Bench Memos

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Wiping Off the Egg


In a follow-up to her front-pager yesterday, Linda Greenhouse reports in the New York Times today that the Justice Department is more than a bit chagrined that it did not draw the attention of the Supreme Court to an act of Congress only two years ago providing the death penalty for child rape in military cases.  (See my post on this and Andy McCarthy’s article yesterday.)

Greenhouse notes the following about the DOJ mea culpa: “The Justice Department statement was carefully worded to avoid conceding that under the reasoning of the Supreme Court decision, the military death penalty provision for child rape is now unconstitutional.”  This is understandable, almost instinctively lawyerly caution.  But of course the provision “is now unconstitutional,” if the question is whether it is possible to execute a court-martialed child rapist while last week’s ruling remains in force.  It is not, and DOJ’s care in not “conceding” so is quite pointless.

Yet another angle to be seen here is the casual use by Linda Greenhouse (and she is not alone in this) of the turn of phrase “is now unconstitutional.”  This blithely assumes that something perfectly constitutional on Tuesday becomes unconstitutional Wednesday, for no other reason than that five justices of the Supreme Court say so.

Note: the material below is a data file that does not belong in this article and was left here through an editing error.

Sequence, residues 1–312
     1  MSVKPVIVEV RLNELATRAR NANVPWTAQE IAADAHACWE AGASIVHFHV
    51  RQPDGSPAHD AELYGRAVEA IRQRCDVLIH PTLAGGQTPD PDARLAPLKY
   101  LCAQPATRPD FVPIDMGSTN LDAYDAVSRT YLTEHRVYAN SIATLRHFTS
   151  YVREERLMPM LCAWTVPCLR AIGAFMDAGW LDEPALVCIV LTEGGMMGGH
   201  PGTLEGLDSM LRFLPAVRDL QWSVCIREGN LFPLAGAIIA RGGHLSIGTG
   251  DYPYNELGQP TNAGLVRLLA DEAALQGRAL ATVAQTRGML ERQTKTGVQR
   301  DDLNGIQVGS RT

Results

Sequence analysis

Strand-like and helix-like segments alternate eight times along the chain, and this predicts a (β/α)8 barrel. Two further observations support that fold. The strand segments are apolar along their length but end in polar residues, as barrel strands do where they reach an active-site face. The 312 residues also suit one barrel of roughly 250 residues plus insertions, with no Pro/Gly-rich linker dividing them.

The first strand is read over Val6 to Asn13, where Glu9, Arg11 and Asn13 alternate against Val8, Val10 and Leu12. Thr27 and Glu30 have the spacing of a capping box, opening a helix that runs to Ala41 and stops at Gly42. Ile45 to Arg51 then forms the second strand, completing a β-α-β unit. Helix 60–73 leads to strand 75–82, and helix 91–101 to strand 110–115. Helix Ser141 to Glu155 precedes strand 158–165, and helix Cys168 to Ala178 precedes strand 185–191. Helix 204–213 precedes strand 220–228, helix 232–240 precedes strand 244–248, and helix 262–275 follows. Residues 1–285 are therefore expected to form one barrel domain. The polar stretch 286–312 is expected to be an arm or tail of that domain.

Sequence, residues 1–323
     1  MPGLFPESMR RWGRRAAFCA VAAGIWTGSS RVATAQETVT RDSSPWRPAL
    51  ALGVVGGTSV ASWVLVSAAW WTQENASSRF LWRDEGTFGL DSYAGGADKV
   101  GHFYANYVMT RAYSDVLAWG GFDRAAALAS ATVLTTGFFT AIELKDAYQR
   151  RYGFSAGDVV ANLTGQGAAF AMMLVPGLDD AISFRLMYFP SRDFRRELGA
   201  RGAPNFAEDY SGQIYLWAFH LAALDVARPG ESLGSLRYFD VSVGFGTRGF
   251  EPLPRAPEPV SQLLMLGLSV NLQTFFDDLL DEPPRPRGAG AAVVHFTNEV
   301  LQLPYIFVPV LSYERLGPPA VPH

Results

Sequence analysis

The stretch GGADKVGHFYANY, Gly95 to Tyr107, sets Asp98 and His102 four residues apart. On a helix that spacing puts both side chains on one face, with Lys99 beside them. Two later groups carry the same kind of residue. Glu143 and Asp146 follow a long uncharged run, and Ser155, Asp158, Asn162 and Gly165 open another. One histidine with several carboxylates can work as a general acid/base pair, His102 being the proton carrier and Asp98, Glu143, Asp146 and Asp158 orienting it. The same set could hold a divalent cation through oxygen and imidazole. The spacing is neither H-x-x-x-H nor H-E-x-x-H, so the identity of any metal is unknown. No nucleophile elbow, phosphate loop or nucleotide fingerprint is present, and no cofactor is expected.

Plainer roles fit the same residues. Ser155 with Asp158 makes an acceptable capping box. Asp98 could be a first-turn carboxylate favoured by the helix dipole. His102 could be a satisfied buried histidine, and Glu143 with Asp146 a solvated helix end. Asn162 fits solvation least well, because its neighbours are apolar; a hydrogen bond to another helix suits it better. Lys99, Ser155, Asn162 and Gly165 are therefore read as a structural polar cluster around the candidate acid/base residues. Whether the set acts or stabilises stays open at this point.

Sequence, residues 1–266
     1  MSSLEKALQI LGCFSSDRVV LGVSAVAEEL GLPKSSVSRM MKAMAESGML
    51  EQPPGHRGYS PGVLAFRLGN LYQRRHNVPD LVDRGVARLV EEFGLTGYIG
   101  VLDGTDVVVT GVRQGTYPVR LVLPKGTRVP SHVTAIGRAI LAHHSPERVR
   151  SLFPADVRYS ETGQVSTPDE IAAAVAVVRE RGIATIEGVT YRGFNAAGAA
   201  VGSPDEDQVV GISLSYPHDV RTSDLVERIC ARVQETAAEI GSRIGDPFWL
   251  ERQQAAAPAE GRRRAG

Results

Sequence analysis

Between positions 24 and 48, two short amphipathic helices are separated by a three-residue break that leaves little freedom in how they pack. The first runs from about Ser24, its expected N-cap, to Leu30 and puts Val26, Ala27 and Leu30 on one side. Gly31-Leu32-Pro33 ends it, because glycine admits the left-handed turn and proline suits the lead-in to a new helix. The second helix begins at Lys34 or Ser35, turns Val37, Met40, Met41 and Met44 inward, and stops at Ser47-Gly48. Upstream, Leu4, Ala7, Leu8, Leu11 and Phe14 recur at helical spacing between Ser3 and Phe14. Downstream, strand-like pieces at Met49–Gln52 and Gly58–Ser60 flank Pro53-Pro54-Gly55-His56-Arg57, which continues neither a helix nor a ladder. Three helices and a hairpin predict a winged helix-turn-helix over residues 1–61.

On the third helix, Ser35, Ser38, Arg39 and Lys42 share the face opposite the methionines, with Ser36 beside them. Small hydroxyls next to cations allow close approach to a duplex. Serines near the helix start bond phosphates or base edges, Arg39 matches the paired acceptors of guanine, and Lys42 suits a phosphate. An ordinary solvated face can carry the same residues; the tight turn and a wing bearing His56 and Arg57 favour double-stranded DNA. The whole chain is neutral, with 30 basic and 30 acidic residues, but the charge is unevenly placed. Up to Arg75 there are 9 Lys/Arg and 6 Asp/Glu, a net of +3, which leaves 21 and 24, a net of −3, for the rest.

How low we have fallen.

UPDATE: Andy McCarthy has weighed in again on this little fiasco (and hey, thanks for the kudos, Andy!).  In answer to his question about motions for rehearing, I am certain that will take five votes, not merely the four required for granting certiorari.  The default position for Supreme Court decision-making is a simple majority, so the fact that Rule 44 does not specify a decision rule means it will take five votes.  So who among the five justices in the majority of Kennedy v. Louisiana will think it is worth rehearing the case?  I’m betting the answer is no one.

UPDATE to the UPDATE: On a second look, it doesn’t seem that the published rules of the Court ever mention the “Rule of Four” for certiorari.  So the silence on the margin for rehearing is not enough to be sure it will take five.  I’m still certain it will, though, because certiorari is well-known as the only decision the Court ever makes by a margin less than a majority.  It would be odd indeed if rehearing could be granted by the vote of the four losers in a 5-4 case!


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